Portrait of James Francis Edward Stuart, “The Old Pretender"
Anonymous artist, active in England around 1710/15.
Mezzotint. Size of plate: 21.5 x 16 cm. Size of sheet: 22.2 x 16.8 cm.
Literature: Unrecorded to our knowledge.
Very fine proof impression, with heavy plate tone and stipple marks. With small margins around. Mounted on a late 18th century album sheet.
If the print would have been signed John Smith, one would have never doubted the attribution to him. The print might very well be by him (John Smith 1652 Daventry, Northamptonshire – 1743 Northampton) or by a close associate. We could not trace an image of this print and we are very thankful to Philip Marston, (Sanders of Oxford) for his very convincing suggestion of the identity of the sitter as James Francis Edward Stuart. Philip Marston kindly consulted the Christopher Lennox-Boyd database, it seems that an impression of that print was not in his collection. Christopher Lennox-Boyd formed what is internationally famous as the greatest private collection of British mezzotints of which The British Museum has acquired 7,250 prints.
The story of our sitter, James Francis Edward Stuart, is a fascinating one about which you can read more below.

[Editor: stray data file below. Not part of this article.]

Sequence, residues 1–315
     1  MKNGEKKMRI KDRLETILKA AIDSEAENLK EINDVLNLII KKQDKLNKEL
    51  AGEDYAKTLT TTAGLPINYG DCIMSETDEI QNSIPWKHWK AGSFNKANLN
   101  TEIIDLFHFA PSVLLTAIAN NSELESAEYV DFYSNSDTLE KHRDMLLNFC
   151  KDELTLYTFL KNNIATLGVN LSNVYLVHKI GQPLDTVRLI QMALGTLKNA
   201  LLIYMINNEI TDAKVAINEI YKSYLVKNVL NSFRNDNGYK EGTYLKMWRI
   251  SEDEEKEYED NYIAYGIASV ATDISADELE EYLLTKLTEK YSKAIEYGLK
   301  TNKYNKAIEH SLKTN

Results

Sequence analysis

We know of comparable images of our sitter in paintings, however this lifetime print is probably quite unique.
The print might have been intended to be published around 1710, to announce the restoration of James to the English, Irish and Scottish thrones. Likely it was not used because he did not convert to Protestantism and therefore did not take the thrones.
Our online exhibitions are frequented by a wide audience, who may well reveal yet more mysteries about this print.
James Francis Edward Stuart (10 June 1688 – 1 January 1766), nicknamed The Old Pretender by the Whigs, was the son of King James (II of England and Ireland and VII of Scotland), and his second wife, Mary of Modena. He was Prince of Wales from July 1688 until, just months after his birth, his Catholic father was deposed and exiled in the Glorious Revolution of 1688. James II's Protestant elder daughter, Mary II, and her husband, William III, became co-monarchs. The Bill of Rights 1689 and Act of Settlement 1701 excluded Catholics from the English then, subsequently, British throne.
When the young prince was born, rumours immediately began to spread that he was an impostor baby, smuggled into the royal birth chamber in a warming pan and that the true child of James and Mary was allegedly stillborn. In an attempt to scotch this myth, James II published the testimonies of over seventy witnesses to the birth.
James Francis Edward was raised in Europe. Mary of Modena, disguised as a laundress, took the infant James to France, where he was brought up at the Palace of St. Germain’s.
On his father's death in 1701, James was recognised by King Louis XIV of France, as the rightful heir to the English and Scottish thrones. Spain, the Papal States and Modena also recognized him as King James III of England and VIII of Scotland and refused to recognise William III, Mary II or Queen Anne as legitimate sovereigns. As a result of his claiming his father's lost thrones, James was attainted for treason in London on 2 March 1702, and his titles were forfeited under English law.